I mounted the Bluetooth microphone above the tachometer. Unscrewed the Speedometer/Tachometer lens and slipped the mic cable over the top and down to the center column.

When all the cables were in place I connected the radio wiring harness, antenna, and media cables to the radio. Connected the battery cable back up and tested the radio. Battery cable was then disconnected and the gauge bezel was then re-installed with the new radio.

Remote control was mounted on the parking brake handle. This allows you to have the radio/cell phone controls at your fingertips.

Heat Shrink

Once the wires were soldered together, heat shrink tubing was slipped down over the connection and then shrunk with a heat gun.

Bluetooth Mic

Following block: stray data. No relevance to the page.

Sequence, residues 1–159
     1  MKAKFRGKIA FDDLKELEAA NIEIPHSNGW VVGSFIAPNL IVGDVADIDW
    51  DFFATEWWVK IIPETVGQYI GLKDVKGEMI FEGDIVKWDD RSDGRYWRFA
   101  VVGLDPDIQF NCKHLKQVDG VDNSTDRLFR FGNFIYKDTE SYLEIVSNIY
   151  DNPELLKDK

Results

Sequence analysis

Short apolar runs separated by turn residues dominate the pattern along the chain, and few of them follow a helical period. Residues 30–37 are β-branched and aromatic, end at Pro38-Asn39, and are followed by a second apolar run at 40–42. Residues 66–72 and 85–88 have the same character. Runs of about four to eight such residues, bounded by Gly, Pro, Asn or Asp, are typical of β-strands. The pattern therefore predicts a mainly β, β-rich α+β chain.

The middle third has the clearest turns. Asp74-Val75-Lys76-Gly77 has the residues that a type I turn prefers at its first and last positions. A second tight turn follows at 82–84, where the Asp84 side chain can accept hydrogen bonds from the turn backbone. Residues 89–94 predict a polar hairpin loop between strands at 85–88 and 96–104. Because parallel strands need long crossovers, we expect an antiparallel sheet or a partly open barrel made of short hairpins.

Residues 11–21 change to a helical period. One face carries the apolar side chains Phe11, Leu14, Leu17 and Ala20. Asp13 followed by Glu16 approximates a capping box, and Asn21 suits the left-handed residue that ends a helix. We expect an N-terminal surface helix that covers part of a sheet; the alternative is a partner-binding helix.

Bluetooth microphone mounted above the tachometer.

USB iPod Connections

Glove box was removed and a hole was cut in the left side for routing the USB and iPod connections.

Remote Control

Remote controller was mounted on black ABS plastic with silicon. The ABS was cut out of an ABS pipe end cap and four holes were drilled into it to allow for black cable ties to be threaded through. A grove was cut in the ABS between the holes with a dermal tool to allow the cable tie to lay flush in the grove. Two black cable ties hold the remote to the parking brake handle.

Heat Shrink

Completed installation of the Kenwood KIV-BT900 Digital Media Receiver.

The Kenwood KIV-BT900 Digital Media Receiver can be hooked up to an amplifier and a CD changer if you so desire. The Bluetooth was easy to pair with my sell phone, and the sound quality with the person on the other end of the call coming through the radio speakers is excellent. The person on the other end of the call does not even know that they are talking to me while I am in the vette. Stereo sound quality of the unit is good enough for a non-audiophile, as this is a Corvette with no mufflers, and not exactly a symphony hall. Sound quality is good enough to drown out external noise if I so desire.